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The Coroner's Lunch
Dr. Siri Paiboun series, book 1

by Colin Cotterill

      Dr Siri Paiboun is quite simply the most charming new mystery series protagonist Iíve come across in a long time, with an equally entertaining supporting cast. Not all of them are charming, but of course theyíre not all supposed to be. This is a character driven tale that youíll read mostly for the pleasure of spending time with its inhabitants, with your opinion of it based largely on how much of a pleasure that was for you. I loved it.

The unusual setting is 1975 Laos, in the aftermath of the American departure from Southeast Asia, shortly after a Communist coup has overturned the Laotian monarchy. Despite being in his 70s and more than ready for retirement, not to mention untrained as a coroner, Dr. Siri is appointed national coroner. †The trained experts have all fled the country, he is a doctor, and as someone who has fought for the revolution for decades, they feel they can trust him... up to a point. Unfortunately, he's too well endowed with humor, intelligence, humanity and independence to be wholly trusted. Dr. Siri is a committed communist, but also a humanist, which is probably a new experience for most American readers.

Heís also in an impossible situation. Heís completely without the proper equipment and trying to learn through on the job self-training out of 30 year old texts in one of his secondary languages, while his younger boss has control issues and clearly would prefer every report to read "death by cardiac arrest." Fortunately, two of the other charming characters are his capable assistants, cheerfully intelligent nurse Dtui and equally cheerful Mr. Geung, who has Down Syndrome, but also a massive body of information acquired while working under Siriís predecessor. †Together they solve the events behind the series of bodies that get left in their morgue, all of which were emphatically not just victims of cardiac arrest.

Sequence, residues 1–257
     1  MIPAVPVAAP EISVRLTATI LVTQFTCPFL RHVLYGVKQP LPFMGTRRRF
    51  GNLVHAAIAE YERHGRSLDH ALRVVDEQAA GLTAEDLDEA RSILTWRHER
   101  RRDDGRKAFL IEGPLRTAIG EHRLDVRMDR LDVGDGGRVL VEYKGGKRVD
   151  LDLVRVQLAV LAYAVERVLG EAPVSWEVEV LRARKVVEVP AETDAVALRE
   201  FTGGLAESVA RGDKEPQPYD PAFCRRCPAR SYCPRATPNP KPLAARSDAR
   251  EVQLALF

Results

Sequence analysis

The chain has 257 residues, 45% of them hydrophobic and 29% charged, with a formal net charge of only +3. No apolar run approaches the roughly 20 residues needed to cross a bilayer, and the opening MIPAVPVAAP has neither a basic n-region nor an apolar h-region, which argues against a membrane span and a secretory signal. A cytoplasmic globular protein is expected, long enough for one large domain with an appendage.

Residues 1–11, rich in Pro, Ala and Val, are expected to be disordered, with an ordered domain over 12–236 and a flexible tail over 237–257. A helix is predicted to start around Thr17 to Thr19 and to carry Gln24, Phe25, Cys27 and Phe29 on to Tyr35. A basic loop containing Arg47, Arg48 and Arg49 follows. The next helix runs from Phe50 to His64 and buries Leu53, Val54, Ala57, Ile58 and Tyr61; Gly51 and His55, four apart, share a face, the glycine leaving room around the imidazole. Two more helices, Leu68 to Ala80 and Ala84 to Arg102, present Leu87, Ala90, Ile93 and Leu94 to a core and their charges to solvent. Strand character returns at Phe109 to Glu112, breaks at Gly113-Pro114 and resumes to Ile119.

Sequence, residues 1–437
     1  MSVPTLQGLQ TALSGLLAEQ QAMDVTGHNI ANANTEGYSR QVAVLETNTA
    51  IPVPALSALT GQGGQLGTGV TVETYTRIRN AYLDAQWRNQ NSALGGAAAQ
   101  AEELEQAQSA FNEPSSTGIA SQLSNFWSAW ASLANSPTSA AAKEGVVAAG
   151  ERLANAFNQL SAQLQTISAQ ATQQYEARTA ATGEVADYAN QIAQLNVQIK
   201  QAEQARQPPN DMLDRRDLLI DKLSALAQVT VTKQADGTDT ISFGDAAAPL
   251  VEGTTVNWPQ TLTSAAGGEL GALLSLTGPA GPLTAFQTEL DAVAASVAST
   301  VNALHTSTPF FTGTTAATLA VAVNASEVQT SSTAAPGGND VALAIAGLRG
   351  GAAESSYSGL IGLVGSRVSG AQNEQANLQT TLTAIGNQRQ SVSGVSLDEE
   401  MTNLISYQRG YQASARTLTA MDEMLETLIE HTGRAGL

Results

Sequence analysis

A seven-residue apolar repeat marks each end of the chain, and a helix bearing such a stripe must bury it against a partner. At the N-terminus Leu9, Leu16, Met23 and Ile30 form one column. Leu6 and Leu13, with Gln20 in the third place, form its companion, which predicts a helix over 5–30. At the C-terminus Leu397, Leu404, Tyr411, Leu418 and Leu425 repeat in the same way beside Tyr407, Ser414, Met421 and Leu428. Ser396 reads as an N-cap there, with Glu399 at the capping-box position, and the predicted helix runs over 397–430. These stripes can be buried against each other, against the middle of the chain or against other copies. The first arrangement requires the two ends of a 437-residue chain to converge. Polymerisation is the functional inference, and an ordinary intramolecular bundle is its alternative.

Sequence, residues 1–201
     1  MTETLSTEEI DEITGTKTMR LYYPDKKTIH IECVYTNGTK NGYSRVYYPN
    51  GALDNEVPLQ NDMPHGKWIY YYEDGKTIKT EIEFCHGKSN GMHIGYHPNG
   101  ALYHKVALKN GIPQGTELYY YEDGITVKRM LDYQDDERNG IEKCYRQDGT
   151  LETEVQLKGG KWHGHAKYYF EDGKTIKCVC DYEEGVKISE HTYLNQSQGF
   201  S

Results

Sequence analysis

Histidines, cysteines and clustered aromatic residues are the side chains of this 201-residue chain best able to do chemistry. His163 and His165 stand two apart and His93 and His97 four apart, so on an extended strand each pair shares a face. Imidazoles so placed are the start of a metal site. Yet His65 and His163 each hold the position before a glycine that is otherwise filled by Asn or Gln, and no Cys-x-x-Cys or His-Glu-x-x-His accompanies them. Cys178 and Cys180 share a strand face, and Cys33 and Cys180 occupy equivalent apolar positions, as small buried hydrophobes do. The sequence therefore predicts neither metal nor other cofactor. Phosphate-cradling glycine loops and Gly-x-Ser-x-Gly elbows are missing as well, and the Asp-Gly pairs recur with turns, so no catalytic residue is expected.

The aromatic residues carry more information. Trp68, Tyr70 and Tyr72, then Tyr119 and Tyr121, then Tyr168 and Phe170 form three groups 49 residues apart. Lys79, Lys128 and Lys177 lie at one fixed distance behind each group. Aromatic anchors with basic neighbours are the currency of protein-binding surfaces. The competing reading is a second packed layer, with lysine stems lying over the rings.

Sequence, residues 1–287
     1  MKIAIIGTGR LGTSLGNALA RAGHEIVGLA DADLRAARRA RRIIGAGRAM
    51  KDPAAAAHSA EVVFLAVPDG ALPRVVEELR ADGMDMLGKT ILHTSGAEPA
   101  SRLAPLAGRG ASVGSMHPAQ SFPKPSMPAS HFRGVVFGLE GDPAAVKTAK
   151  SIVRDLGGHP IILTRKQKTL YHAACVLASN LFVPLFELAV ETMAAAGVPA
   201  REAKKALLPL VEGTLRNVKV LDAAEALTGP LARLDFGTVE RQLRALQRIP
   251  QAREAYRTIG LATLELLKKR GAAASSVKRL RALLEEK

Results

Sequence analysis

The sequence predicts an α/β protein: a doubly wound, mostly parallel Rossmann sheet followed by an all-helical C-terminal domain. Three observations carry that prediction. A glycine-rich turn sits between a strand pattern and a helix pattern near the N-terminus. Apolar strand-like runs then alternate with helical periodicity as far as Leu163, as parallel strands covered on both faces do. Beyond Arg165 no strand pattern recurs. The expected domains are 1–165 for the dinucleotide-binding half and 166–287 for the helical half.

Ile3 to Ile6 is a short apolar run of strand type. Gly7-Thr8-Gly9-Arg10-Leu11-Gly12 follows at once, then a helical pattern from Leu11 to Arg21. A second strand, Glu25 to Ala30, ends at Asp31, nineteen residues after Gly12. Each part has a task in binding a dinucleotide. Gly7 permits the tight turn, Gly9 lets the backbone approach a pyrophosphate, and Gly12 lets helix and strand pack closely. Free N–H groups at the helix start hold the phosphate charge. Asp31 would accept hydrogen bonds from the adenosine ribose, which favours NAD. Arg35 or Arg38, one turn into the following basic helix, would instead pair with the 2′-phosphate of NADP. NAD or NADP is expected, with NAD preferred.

There's a supernatural element to the story, which Iíll freely admit is something I usually avoid like the plague. But it works here for me, probably at least in part because the engaging Dr Siri is skeptical himself about it, at least at first. You have to suspend a fair amount of disbelief to read this story, but I had no problem doing so and thought the reward more than worth it.

A very enjoyable and unusual historical mystery. Highly recommended.

The Book

Soho Crime
November 2005
Trade Paperback
Historical Mystery [Vientiane, Laos 1975]
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The Reviewer

Kim Malo
Reviewed 2008
© 2008